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Did they put that in writing?

12/06/2014

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United Kingdom

A reminder to property buyers of how important it is to ensure that any representations which they have relied upon are confirmed in writing between solicitors.

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First appeared in Informer: Real Estate Newsletter - Spring/Summer 2014

The recent Court of Appeal judgment in Lloyd v Browning (2013) provides a reminder to property buyers of how important it is to ensure that any representations which they have relied upon are confirmed in writing between solicitors.  Under typical terms of sale, a failure to do so is likely to mean that a buyer cannot rely on an oral representation – even if it can prove it was made, was false and has led to loss.

Non-reliance clauses and misrepresentation

It is standard practice when selling land that the agreement will contain a non-reliance clause (a “non-reliance clause”).  For example, a non-reliance clause will provide that the buyer is not relying on any statement made by the vendor unless it is contained in a written reply by the vendor’s solicitor to the buyer's solicitors' preliminary enquiries.  This is intended (amongst other things) to prevent disputes post completion about what someone did or did not say.  

In very general terms, the law on misrepresentation enables one party to claim for losses suffered as a result of a representation made by the other party which induced that party to enter into the contract and which has resulted in loss.

Lloyd v Browning

The Brownings were farmers who sought planning permission for a disused outbuilding to be converted to residential units and extended from an L shape to a U shape building with the construction of a new extension wing.  The original application was refused, but planning permission was then obtained keeping the current L shape. The permission obtained made no reference to the revised plans.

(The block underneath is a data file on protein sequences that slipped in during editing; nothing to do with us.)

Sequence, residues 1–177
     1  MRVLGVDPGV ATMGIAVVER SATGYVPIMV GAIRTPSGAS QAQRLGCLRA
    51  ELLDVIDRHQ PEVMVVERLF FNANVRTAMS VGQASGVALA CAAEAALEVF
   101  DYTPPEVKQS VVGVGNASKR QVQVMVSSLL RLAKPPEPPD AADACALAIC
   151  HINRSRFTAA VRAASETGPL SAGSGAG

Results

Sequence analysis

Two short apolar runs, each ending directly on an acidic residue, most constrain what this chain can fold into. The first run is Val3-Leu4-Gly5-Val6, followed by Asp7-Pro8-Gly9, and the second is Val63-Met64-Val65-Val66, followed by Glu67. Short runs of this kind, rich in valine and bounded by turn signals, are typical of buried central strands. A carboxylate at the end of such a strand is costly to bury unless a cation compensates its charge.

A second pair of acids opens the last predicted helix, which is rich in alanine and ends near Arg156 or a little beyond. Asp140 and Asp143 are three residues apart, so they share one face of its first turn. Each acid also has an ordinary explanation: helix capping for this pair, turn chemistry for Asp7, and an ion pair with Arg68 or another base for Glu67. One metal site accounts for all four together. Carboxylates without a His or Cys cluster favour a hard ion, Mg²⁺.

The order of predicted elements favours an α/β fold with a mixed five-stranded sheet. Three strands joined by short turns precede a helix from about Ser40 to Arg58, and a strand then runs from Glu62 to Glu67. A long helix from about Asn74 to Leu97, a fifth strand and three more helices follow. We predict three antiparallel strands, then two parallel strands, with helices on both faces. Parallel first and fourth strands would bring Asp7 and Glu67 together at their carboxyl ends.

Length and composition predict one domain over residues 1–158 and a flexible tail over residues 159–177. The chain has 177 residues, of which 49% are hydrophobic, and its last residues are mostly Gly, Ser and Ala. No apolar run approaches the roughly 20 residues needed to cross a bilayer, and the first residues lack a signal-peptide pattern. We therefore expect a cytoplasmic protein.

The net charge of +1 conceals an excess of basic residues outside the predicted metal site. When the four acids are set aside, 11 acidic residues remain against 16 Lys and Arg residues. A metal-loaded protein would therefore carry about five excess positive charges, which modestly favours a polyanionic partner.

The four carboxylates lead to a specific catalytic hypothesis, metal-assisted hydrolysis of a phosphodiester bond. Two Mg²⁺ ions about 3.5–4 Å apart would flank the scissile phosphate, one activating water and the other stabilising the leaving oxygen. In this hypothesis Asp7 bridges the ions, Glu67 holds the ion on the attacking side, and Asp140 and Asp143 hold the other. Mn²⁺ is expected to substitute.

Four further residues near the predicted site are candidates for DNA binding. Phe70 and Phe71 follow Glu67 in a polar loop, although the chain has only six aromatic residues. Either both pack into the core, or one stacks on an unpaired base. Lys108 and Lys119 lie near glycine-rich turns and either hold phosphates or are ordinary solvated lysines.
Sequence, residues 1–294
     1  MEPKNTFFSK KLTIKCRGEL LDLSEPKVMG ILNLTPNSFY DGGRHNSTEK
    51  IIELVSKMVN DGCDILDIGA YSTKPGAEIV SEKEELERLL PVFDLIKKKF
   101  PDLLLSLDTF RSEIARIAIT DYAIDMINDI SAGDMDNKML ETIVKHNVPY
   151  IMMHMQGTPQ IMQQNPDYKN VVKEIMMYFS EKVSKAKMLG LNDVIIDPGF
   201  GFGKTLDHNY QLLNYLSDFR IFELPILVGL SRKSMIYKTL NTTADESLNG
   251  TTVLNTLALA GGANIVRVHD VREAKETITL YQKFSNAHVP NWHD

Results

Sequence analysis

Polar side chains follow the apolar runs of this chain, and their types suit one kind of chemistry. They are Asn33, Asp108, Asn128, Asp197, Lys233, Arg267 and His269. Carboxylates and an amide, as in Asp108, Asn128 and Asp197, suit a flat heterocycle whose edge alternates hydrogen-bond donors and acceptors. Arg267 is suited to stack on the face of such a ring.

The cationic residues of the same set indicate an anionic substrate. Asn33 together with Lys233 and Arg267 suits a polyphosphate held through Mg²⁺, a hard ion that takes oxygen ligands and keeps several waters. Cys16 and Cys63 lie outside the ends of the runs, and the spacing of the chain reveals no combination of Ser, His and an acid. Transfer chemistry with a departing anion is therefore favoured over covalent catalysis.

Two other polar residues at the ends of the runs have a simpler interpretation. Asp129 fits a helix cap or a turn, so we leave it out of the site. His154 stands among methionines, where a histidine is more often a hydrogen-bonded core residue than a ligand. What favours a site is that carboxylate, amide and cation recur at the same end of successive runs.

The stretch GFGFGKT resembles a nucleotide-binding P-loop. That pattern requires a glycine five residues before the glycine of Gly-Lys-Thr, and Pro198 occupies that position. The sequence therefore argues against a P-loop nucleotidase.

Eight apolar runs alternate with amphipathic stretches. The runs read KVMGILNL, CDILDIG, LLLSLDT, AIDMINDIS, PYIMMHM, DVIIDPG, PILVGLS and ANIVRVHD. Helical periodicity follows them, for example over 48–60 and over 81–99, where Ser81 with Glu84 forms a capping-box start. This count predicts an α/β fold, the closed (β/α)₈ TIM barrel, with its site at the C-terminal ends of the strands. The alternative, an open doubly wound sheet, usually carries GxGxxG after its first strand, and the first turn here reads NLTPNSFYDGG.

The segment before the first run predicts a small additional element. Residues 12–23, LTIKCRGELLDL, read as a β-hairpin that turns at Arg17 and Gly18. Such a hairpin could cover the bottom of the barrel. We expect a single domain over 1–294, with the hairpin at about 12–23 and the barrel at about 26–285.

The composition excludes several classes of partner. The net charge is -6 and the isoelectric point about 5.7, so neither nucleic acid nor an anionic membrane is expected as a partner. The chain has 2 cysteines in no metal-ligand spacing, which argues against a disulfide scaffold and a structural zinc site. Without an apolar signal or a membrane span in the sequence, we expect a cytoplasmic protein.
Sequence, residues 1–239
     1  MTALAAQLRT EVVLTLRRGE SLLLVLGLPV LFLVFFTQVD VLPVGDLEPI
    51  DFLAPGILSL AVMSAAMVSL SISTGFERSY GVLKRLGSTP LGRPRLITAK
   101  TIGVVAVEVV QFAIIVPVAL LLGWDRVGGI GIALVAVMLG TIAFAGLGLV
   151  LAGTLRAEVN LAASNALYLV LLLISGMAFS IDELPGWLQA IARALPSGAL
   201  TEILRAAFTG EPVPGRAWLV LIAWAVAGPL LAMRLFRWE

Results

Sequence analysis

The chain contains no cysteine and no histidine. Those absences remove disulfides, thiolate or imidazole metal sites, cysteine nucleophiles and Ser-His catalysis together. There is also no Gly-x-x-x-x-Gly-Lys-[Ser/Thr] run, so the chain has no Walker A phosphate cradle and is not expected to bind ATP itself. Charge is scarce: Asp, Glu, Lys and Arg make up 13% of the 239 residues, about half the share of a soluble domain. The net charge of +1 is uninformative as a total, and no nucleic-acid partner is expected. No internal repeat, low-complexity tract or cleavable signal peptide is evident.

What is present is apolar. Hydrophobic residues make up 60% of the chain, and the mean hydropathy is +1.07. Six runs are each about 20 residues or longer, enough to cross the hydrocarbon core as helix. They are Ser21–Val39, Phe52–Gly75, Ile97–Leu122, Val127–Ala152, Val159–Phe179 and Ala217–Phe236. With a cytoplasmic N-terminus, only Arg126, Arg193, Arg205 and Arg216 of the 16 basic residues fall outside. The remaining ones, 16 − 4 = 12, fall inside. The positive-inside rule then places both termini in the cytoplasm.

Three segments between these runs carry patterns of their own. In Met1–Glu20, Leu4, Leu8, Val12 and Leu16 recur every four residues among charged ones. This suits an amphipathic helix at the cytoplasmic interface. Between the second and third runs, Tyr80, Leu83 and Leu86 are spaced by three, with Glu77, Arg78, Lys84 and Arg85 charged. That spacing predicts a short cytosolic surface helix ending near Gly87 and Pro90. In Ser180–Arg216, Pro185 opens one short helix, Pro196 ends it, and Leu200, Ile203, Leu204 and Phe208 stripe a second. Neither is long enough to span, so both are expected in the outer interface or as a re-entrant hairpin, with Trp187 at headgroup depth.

The property was then sold to the Lloyds, but the property particulars (incorrectly) attached the U shape building plans.

Meetings had also taken place between the Lloyds and the Brownings before exchange of contracts, in which the Brownings produced the U shape plans. The Brownings also provided their solicitor with the U shape plans with the message that the Lloyds knew that these were not the correct plans.

Following completion it was revealed that the property did not have permission for the U shaped building and that the Brownings had given the Lloyds the incorrect plans. The deduction in potential value as a result of this difference was £55,000.

The buyers sought a claim of misrepresentation against the Sellers.  The Court held an oral misrepresentation had indeed been made by the Brownings. However, it also held that the non-reliance clause was effective as in all the circumstances it was reasonable and fair – it therefore prevented liability for the misrepresentation.  

The Court of Appeal held:

  1. As a general overriding point, it was a legitimate and reasonable aim for parties to a contract such as this one to introduce certainty by agreeing (a) that no reliance could be made on oral misrepresentations made before the contract and (b) reliance could only be placed on written statements made by the sellers’ solicitors in response to pre-contract enquiries.
  2. More specifically to the individual circumstances of this case, it was reasonable for the non-reliance clause to apply and be relied upon because:
    1. There was no imbalance in bargaining power between the parties. In this case both had legal advice and the Lloyds had also instructed planning consultants.
    2.  The clause was not a "take it or leave it" clause in the small print (which are more often found in consumer contracts).
    3. The non-reliance clause actually provided a route for important issues to be given legal protection by allowing them to be included in written replies to enquiries.
    4.  Non-reliance clauses are standard clauses that are expected within land contracts.
    5. The clause was one used by a local branch of the Law Society and therefore did not prefer sellers over buyers.

Getting it in writing

The case highlights the critical importance of committing all matters which are of significance and importance to a party to writing (and in the contract). 

Parties may well have been given an oral misrepresentation (one which they can prove, which they have relied upon and has caused a loss). However, assuming the existence of a ‘standard’ non-reliance clause, they are unlikely (in the event of the circumstances listed at 2 above applying) to be able to successfully rely upon it if that representation has not been put in writing.

William Thompson, Senior Associate, Investment Group  

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